Crime vs. Coverup; Praising Mattis; Trump-Nixon Nexus? Cleveland's Way

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Good morning, it’s Monday, June 19, 2017. On this date in 1886, a newspaper in our nation’s capital published a brief item showcasing the wit and personality of Timothy J. Campbell, an Irish-born member of New York’s Democratic delegation in the 49th Congress.

The bon mot attributed to Campbell was reportedly a rejoinder to Grover Cleveland. Their exchange took place either in Washington, where Campbell was then a freshman House member (and Cleveland was president), or, more likely, in Albany a couple of years earlier when Cleveland was governor and Tim Campbell was in the state legislature.

It seems that Campbell had requested a political favor of the governor (or president) only to be told by his fellow Democrat that what he was asking for was unconstitutional. According to the item that appeared in The Washington Critic 131 years ago today, Campbell quipped in reply, “What’s a little thing like the Constitution between friends?”

It’s more humorous if it was meant as a joke, which was apparently the case: Although elected from New York City, Campbell was not part the Tammany Hall machine, and he was at least comfortable enough with the reform-minded Cleveland to banter light-heartedly with him about ethics.

I’ll have an additional word on President Cleveland in a moment. First, I’ll point you to RealClearPolitics’ front page, which presents our poll averages, videos, breaking news stories, and aggregated opinion pieces spanning the political spectrum. We also offer a complement of original material from our own reporters and contributors, including the following:

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Trump-Russia: Is Coverup Worse Than the Crime? In a column, I offer some perspective on the government’s apparent obstruction-of-justice investigation of the president.

Why Firing Mueller Might Not Backfire on Trump. Bill Scher writes that comparisons to Richard Nixon’s ill-advised dismissal of special prosecutor Archibald Cox don’t stand up to scrutiny.

Secretary Mattis, Please Don’t Leave Your Job. A.B. Stoddard applauds the defense secretary’s willingness to subtly dissent from his commander-in-chief.

Why Mideast Peace Ambitions Must Be Dialed Back. Peter Berkowitz spotlights a new book that argues the Israeli-Palestinian conflict is unsolvable, so the wisest strategy is to manage it as a chronic problem, not a fatal one.

Border Adjustment Tax Is the Paris Agreement All Over Again. In RealClearPolicy, Matthew Kandrach takes issue with the House GOP's tax proposal.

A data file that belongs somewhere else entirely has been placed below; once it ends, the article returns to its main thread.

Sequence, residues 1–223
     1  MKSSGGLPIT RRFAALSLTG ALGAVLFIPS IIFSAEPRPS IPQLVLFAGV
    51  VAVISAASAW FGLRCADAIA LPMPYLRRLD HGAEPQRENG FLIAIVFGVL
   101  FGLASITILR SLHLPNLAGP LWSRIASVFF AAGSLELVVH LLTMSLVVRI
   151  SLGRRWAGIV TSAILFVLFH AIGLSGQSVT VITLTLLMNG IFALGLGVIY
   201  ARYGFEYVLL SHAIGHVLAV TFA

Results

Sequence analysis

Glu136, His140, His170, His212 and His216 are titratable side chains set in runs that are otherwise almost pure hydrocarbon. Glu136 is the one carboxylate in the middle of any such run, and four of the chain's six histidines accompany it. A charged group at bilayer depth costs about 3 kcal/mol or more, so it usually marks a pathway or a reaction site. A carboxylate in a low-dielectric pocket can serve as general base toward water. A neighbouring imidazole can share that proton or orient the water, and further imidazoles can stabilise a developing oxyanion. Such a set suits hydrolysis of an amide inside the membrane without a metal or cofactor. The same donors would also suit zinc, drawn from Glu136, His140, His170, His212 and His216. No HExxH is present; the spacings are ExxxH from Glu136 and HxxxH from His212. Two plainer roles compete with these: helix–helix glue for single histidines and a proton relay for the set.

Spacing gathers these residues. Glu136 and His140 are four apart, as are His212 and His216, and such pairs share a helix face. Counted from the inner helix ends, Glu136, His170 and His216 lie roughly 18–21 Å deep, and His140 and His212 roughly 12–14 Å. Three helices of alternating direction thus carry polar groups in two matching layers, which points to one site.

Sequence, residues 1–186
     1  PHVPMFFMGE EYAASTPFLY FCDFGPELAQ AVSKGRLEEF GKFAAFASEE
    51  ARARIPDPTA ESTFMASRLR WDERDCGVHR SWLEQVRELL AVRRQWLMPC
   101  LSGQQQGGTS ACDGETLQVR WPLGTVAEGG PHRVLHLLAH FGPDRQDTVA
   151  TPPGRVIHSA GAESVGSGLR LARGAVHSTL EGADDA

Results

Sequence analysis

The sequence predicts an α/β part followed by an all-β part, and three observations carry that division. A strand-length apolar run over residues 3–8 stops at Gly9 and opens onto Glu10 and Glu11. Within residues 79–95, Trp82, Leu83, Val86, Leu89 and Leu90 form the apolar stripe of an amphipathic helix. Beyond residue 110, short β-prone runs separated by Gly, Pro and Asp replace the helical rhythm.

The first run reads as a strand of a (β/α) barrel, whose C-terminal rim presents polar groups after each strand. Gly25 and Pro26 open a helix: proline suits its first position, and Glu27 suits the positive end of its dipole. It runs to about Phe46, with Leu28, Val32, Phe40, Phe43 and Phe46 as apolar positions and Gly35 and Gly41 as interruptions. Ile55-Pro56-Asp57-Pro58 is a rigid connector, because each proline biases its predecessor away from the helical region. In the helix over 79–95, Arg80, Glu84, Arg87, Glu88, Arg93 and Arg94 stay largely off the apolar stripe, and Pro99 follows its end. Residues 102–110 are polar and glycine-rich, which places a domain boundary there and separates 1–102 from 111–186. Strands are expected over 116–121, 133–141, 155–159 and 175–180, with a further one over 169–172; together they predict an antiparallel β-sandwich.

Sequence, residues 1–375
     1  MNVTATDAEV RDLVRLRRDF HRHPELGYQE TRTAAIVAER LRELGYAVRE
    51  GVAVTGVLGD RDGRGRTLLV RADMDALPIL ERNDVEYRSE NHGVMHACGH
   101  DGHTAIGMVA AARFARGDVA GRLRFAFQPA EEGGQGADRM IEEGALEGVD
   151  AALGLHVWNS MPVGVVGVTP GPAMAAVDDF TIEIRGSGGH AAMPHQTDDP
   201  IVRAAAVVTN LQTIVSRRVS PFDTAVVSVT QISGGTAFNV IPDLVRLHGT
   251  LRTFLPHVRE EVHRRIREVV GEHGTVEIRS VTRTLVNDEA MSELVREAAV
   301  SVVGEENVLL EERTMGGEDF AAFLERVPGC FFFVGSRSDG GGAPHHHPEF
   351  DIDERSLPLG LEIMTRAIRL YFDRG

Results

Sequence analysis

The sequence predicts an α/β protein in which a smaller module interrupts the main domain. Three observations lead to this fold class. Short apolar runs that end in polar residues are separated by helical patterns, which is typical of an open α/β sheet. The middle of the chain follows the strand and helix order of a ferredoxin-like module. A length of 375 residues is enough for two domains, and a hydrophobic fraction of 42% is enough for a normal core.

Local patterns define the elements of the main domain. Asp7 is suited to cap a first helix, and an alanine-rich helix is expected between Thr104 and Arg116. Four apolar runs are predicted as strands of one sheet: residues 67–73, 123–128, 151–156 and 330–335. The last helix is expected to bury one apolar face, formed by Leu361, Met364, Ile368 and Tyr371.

Bernie Sanders, American Universalist. In RealClearReligion, Grant Shreve dissects the beliefs that apparently underlie the Vermont senator’s remarks during a recent confirmation hearing.

The First Animal Astronauts. Ross Pomeroy tells the stories of the animals who traveled to outer space before any humans dared to leave our planet.

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In many ways, Stephen Grover Cleveland was as unlikely a political reformer as New York City -born billionaire Donald Trump is a populist hero for rural Americans. Cleveland bribed his way out of military service during the Civil War, preferred the saloons and pool halls of Buffalo to any cultural pursuit -- even reading books -- and fathered an out-of-wedlock child.

Yet the Buffalo burghers who put him up to run for mayor saw something in this big man. He helped honest men clean up city hall, challenged the Tammany machine in Albany after being elected governor, and rode to the White House on the promise of being the first Democrat elected president since the Civil War -- and someone who didn’t view public service as a way of getting rich.

On this date in 1886, in fact -- the very same day that Tim Campbell’s puckish, and possibly apocryphal, wisecrack was spotlighted by The Washington Critic -- Grover Cleveland vetoed a spate of bills, nine in all, that no modern president would dare reject.

Seven of the nine dealt with minor adjustments in the pensions paid to veterans of the Civil War, the bloody war he dodged. The other two would have financed the construction of federal buildings, one in Sioux City, Iowa, the other in Zanesville, Ohio. In today’s parlance, this was minor pork barrel spending in two “swing” states. Grover Cleveland couldn’t have cared less.

“No federal courts are held at Zanesville, and there are no government officers located there who should be provided for at the public expense except the postmaster,” the president stated in his written veto message.

“So far as I am informed, the patrons of the Post Office are fairly well accommodated in a building which is rented by the government at the rate of $800 per annum,” Cleveland added. “[A]nd though the postmaster naturally certifies that he and his 14 employees require much more spacious surroundings, I have no doubt he and they can be induced to continue to serve the government in its present quarters.”

As far as Sioux City was concerned, President Cleveland employed a logic that would be invoked, at least verbally, by numerous 20th century politicians: the federal government, he suggested, should be guided by the same principles as private enterprise.

“It seems to me that in the consideration of the merits of this bill, the necessities of the government should control the question,” he decreed, “and that it should be decided as a business proposition, depending upon the needs of a government building at the point proposed in order to do the government work.”

Carl M. Cannon 
Washington Bureau chief, RealClearPolitics
@CarlCannon (Twitter)

Carl M. Cannon is the Washington Bureau Chief for RealClearPolitics. Reach him on Twitter @CarlCannon.

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